Cosmonaut Anna Kikina trains in the simulator of the Russian segment of the ISS for the upcoming mission
Photo: Valery Sharifulin / ITAR-TASS / IMAGO
After the "Artemis" moon mission, another NASA launch could fall victim to Hurricane "Ian": the departure of the next crew to the International Space Station ISS.
October 3rd is still being targeted as the launch date, said Kathy Lueders, head of manned spaceflight at the US space agency Nasa.
"But we also know that we have to work our way through the weather here at the Kennedy Space Center." The next possible alternative dates are October 4th or 5th, it said.
The "Crew-5" consists of the NASA astronaut Nicole Aunapu Mann and her NASA colleague Josh Cassada as well as the Japanese astronaut Koichi Wakata and the Russian cosmonaut Anna Kikina.
You will spend around five months on board the ISS.
According to current forecasts, Hurricane Ian could make landfall in Florida around the middle of this week.
Based on these predictions, NASA had already postponed the test launch of the “Artemis” moon mission, which was actually planned for Tuesday, and instead ordered the rocket system to be moved back to the hangar.
Managers made the decision based on weather forecasts related to "Ian" after additional data showed no improvement in expected conditions for the Kennedy Space Center area.
The authority announced this on its website.
The decision gives employees time to look after their families and protect the integrated missile and space system.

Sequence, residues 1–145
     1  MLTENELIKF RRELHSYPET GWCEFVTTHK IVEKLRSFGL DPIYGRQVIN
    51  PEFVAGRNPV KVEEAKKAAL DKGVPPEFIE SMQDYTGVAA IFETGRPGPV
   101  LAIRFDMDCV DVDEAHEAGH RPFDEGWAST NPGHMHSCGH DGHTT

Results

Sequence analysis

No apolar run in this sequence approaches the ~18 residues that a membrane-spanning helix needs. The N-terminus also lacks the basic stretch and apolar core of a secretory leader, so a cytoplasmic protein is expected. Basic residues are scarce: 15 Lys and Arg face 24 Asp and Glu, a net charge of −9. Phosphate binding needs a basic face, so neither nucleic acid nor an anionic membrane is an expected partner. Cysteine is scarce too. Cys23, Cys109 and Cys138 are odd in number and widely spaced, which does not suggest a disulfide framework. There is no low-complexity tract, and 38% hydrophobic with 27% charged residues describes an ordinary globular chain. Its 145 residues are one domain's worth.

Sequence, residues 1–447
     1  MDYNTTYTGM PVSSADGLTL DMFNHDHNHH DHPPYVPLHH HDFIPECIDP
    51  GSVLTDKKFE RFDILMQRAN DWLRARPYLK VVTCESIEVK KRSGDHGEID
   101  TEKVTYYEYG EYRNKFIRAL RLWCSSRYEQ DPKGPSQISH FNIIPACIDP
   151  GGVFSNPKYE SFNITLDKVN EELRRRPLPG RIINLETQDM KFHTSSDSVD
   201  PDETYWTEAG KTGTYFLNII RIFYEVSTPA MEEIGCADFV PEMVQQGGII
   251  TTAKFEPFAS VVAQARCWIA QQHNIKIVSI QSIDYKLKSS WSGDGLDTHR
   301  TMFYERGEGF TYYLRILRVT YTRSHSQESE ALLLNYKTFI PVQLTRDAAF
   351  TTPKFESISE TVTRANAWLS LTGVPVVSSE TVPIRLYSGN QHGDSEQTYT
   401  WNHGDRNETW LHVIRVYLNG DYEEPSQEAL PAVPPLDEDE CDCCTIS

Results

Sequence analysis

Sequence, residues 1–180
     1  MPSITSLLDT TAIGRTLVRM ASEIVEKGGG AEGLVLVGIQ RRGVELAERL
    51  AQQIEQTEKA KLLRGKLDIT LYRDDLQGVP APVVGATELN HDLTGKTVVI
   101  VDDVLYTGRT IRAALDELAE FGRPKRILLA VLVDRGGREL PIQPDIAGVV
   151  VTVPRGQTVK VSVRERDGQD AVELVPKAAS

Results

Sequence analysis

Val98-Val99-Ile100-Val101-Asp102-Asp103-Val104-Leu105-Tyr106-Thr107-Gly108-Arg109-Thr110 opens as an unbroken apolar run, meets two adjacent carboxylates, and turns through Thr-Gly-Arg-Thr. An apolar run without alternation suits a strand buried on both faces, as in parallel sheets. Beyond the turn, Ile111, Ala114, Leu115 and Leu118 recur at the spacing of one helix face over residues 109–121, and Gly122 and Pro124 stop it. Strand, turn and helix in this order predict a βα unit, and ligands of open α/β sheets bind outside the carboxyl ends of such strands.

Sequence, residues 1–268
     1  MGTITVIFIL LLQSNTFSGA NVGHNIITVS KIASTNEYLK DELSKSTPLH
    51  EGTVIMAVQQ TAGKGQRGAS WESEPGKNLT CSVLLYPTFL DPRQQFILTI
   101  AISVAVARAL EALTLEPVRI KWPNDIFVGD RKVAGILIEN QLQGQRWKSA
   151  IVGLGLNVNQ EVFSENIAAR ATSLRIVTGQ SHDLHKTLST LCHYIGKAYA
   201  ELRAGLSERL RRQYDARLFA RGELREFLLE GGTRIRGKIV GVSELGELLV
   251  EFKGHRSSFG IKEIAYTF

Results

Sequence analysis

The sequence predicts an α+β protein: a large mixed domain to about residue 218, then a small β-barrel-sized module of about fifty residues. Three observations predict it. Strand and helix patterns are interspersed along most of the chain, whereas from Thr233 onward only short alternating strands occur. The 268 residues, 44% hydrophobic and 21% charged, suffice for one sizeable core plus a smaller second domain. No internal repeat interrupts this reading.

The problem-plagued moon mission "Artemis" is still under time pressure, because the current launch window closes on October 4th, according to Nasa.
A further planning window provides for a possible launch of the rocket between 17th and 31st October.
About three weeks ago, two attempts to start the car failed – partly because of a leaking tank hose.
Problems had also arisen in earlier »Artemis« tests, which ultimately led to the first major delay in the project.
The hurricane continued to gain strength as it made its way toward Cuba.
The hurricane reached category 3 of 5 on Tuesday night (local time), according to the US Hurricane Center (NHC).
With wind speeds of up to 185 kilometers per hour, life-threatening storm surges, hurricanes, flash floods and landslides threatened in the west of the Caribbean island.
According to reports, on Monday evening (local time) there were floods in coastal areas in western Cuba and power outages in places.
Meteorologists expect that "Ian" will head for Cuba on the Florida coast in the USA and even reach magnitude 4, where they warn of storm surges this Wednesday.